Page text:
Am I a candidate for Breast Augmentation?

candidate for breast augmentation

Candidate for Breast Augmentation

If you think you are a candidate for breast augmentation, you probably are. The fact is, no matter what breast size or shape you have, if you depend on a bra to enhance your breast size or shape, you are a candidate for breast augmentation. I am always amused when people say “I am not the kind of person who gets a breast implant.” If you are the kind of person who wears a bra, you are probably the kind of person who would love great breast augmentation surgery.

  • Will I need a medial exam prior to my surgery? If you are over the age of 50 and have not had a complete examination by a primary care physician, this is a good idea. There are very few conditions which would make your surgery unsafe. However, the better your general health, the more successful you will be with your surgery. If you have not done so, you can be screened for common treatable medical conditions such as high blood pressure and diabetes.
  • Should I stop taking aspirin before surgery? Yes. You should also stop taking ibuprofen, vitamin E, fish oil, omega 3 fatty acids, and any herbal supplements. You should also consider temporarily withholding estrogen based medication due to its effect on formation of deep venous thromboses (blood clots).
  • Can I breast feed after surgery? Probably, yes. Breast implants are positioned below the breast gland and in this way, should not affect the breast itself. However, depending on the size of implant you chose, and the way your surgeon places the implant, stretching or scarring can affect some of the nerves and ducts in the breast and theoretically alter your ability to breast feed.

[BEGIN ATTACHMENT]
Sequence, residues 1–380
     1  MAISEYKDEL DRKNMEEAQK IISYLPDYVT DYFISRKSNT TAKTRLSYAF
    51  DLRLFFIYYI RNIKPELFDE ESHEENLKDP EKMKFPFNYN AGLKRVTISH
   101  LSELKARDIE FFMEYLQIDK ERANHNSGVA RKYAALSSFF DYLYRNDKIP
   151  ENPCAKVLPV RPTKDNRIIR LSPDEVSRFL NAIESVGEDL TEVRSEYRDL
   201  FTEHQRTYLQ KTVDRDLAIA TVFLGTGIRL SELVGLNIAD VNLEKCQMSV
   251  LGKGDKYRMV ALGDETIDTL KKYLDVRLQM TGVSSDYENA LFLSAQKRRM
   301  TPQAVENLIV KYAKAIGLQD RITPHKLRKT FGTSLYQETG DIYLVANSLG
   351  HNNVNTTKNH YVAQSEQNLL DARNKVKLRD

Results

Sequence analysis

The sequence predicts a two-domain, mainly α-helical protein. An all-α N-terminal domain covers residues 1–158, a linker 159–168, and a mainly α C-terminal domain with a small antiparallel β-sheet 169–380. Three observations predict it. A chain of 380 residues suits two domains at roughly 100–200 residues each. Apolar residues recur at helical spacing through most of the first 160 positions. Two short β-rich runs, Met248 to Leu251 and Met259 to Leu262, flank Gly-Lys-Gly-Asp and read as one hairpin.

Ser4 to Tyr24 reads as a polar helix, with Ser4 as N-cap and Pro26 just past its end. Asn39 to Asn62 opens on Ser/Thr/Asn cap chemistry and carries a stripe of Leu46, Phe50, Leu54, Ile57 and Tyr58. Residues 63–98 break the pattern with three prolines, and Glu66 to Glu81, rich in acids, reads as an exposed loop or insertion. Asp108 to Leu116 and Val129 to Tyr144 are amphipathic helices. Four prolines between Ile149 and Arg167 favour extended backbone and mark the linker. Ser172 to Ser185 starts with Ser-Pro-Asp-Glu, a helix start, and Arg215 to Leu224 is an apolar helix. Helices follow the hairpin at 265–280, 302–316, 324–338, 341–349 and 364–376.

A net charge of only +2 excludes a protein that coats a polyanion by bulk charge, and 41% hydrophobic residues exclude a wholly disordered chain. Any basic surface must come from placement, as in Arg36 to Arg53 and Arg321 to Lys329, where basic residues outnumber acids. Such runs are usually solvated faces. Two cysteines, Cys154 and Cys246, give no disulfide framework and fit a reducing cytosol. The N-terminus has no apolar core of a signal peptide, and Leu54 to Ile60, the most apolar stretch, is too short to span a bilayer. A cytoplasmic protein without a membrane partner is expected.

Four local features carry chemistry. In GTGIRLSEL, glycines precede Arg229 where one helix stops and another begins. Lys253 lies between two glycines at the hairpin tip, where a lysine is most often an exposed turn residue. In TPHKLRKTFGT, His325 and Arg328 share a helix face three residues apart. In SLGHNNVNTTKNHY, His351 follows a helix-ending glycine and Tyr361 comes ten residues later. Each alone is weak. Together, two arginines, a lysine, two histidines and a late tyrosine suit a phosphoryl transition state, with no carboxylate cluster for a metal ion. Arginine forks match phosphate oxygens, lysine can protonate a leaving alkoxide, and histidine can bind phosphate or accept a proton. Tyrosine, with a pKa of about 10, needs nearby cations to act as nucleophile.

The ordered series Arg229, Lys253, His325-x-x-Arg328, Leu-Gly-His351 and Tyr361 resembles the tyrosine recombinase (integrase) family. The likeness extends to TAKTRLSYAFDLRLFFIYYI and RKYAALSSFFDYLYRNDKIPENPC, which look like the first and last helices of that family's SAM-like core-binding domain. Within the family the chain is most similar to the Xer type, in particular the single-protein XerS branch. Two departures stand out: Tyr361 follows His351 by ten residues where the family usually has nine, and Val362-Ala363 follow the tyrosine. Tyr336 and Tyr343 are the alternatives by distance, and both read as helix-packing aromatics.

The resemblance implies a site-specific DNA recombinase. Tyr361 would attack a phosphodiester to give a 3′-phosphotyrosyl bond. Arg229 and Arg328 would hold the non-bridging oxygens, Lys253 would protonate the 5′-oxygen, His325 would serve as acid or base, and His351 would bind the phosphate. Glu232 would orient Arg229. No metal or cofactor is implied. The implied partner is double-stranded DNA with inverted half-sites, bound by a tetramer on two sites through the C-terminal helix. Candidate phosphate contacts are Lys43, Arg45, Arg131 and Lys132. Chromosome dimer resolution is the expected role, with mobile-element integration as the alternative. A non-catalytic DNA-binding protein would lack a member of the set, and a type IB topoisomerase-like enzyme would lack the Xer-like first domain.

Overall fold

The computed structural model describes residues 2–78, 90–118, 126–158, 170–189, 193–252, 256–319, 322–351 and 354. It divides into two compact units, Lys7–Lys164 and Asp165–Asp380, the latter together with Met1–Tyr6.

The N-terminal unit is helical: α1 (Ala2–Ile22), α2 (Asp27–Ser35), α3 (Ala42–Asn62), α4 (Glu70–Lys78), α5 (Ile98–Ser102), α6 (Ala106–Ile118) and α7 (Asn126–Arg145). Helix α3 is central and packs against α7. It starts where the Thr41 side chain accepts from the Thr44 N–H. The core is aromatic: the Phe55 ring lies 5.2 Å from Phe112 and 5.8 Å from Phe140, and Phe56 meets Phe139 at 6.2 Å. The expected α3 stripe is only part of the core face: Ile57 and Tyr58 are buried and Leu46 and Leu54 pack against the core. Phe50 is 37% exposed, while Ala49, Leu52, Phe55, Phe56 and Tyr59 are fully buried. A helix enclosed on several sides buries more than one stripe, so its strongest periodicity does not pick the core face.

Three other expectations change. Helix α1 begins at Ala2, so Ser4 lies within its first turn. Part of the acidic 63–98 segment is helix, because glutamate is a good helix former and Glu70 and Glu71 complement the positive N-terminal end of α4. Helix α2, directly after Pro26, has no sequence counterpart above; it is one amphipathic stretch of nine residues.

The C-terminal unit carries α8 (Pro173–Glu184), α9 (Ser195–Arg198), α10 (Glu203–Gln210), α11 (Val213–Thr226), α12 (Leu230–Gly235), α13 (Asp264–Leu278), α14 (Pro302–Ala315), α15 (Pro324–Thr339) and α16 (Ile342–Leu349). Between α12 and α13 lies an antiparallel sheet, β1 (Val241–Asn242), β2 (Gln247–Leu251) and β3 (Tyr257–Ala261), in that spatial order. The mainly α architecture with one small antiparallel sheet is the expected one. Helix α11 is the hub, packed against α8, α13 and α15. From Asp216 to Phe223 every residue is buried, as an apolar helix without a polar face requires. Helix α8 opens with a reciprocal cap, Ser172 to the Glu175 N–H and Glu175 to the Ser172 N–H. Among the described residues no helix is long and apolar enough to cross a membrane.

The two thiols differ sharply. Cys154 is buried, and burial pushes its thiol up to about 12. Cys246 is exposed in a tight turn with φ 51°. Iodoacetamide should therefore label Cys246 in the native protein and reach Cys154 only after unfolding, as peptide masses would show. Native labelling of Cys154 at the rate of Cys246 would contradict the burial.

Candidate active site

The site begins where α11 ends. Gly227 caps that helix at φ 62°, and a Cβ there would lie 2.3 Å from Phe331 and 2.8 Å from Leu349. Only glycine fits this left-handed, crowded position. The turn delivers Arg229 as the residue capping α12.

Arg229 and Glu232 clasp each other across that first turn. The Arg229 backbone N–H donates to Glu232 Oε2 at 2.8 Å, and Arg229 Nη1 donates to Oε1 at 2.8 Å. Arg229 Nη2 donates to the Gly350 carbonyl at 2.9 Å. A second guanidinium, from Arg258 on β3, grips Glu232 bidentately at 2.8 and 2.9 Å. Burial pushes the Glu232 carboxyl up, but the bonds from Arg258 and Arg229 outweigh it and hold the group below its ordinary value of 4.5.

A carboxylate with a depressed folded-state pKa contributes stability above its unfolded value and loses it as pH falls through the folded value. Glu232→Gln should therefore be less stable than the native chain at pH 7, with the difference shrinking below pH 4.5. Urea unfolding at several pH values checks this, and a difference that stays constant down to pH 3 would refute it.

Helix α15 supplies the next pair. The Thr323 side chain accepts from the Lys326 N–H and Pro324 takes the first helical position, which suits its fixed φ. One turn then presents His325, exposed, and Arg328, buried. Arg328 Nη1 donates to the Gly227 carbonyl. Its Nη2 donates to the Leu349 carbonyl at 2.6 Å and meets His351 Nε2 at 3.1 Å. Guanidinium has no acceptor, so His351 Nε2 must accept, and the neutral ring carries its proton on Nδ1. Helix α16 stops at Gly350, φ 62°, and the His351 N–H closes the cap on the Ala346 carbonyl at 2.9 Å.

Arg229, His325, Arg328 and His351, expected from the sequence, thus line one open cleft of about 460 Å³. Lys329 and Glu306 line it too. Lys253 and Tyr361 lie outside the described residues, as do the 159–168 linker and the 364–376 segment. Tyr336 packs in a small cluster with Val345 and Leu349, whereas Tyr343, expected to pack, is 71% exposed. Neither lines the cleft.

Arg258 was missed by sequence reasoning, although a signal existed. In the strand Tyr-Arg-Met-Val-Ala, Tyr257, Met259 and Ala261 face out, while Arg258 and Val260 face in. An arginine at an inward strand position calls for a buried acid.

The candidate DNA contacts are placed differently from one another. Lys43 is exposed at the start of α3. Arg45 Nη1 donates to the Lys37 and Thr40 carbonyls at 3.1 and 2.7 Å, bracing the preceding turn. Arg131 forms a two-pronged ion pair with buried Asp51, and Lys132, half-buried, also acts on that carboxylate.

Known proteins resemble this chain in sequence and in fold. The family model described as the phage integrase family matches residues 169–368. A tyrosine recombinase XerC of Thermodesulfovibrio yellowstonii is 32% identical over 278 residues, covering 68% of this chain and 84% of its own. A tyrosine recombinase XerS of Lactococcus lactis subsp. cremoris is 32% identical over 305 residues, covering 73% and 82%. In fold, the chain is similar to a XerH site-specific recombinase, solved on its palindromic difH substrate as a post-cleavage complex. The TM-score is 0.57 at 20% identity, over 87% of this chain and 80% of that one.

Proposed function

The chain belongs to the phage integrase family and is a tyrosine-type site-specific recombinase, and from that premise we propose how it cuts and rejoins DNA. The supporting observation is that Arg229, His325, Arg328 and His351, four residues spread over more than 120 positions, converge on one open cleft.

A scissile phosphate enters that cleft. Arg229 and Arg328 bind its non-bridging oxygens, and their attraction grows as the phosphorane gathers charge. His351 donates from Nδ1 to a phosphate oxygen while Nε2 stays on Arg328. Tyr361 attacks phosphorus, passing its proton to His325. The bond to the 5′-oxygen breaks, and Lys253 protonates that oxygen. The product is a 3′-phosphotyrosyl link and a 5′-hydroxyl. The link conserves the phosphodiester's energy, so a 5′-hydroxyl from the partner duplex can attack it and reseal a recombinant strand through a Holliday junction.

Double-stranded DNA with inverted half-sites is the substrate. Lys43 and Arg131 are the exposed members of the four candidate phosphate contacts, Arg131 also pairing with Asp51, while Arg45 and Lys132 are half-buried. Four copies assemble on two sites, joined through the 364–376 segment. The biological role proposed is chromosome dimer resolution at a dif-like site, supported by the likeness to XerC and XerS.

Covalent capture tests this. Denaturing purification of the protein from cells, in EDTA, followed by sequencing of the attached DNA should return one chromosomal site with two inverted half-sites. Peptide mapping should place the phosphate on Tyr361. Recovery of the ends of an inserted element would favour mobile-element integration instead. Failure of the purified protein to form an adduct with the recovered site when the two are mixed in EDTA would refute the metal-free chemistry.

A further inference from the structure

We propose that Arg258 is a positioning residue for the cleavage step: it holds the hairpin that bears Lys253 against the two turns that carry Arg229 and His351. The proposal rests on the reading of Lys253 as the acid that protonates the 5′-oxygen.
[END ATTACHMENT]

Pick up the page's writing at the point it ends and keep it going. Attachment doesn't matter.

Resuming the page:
• What if I plan to lose weight? Losing weight will change the balance of your figure. Depending on how much fatty tissue you have in your breast, and how much your breasts change during weight loss could affect the your size choice and or the need to have a breast lift. Because size is the most important concern for many women, this is something worth getting right the first time. The balance between your abdomen and your chest might also change. Many women will feel that their implants look a bit more prominent after they lose weight. In my experience, you should only consider plastic surgery if you are at a stable weight, even if this is not your ideal weight.
  • Will I be able to exercise? Absolutely, yes. The majority of my patients are very active in wide range of sports from rock climbing to yoga to taking care of small children! I encourage all patients to walk frequently immediately after surgery to limit risks of blood clots. In terms of return to vigorous activity, I recommend everyone abstain for one week. I like patients to gauge their own return to activity based on pain and swelling. Our bodies provide important feedback this way. Everyone is different, so each patient needs to listen to their own bodies. If your swelling is gone, and it doesn’t hurt, it’s probably OK. Women with substantial pectoralis major muscles and women who are professional body builders may require implant placement above the muscle so motion related changes in the shape of the implant are minimized. This is a trade off due to the slightly less natural appearance on a lean chest with the implant placed above the muscle.
  • Will implants increase my risk for breast cancer or other illnesses? No. There is an impressive body of research related to the safety of breast implants. Early claims that breast implants increased the risk of developing an autoimmune disease were demonstrated to be unsubstantiated. There is no evidence that breast implants increase breast cancer risk. There is also no significant impact on the ability to perform proper screening and treatment of breast cancer, especially for implants placed below the muscle with an infra-mammary incision.

 Questions about being a Candidate for Breast Augmentation

Please feel free to contact my office if you have any questions about being a candidate for breast augmentation surgery or you would like to schedule a consultation.

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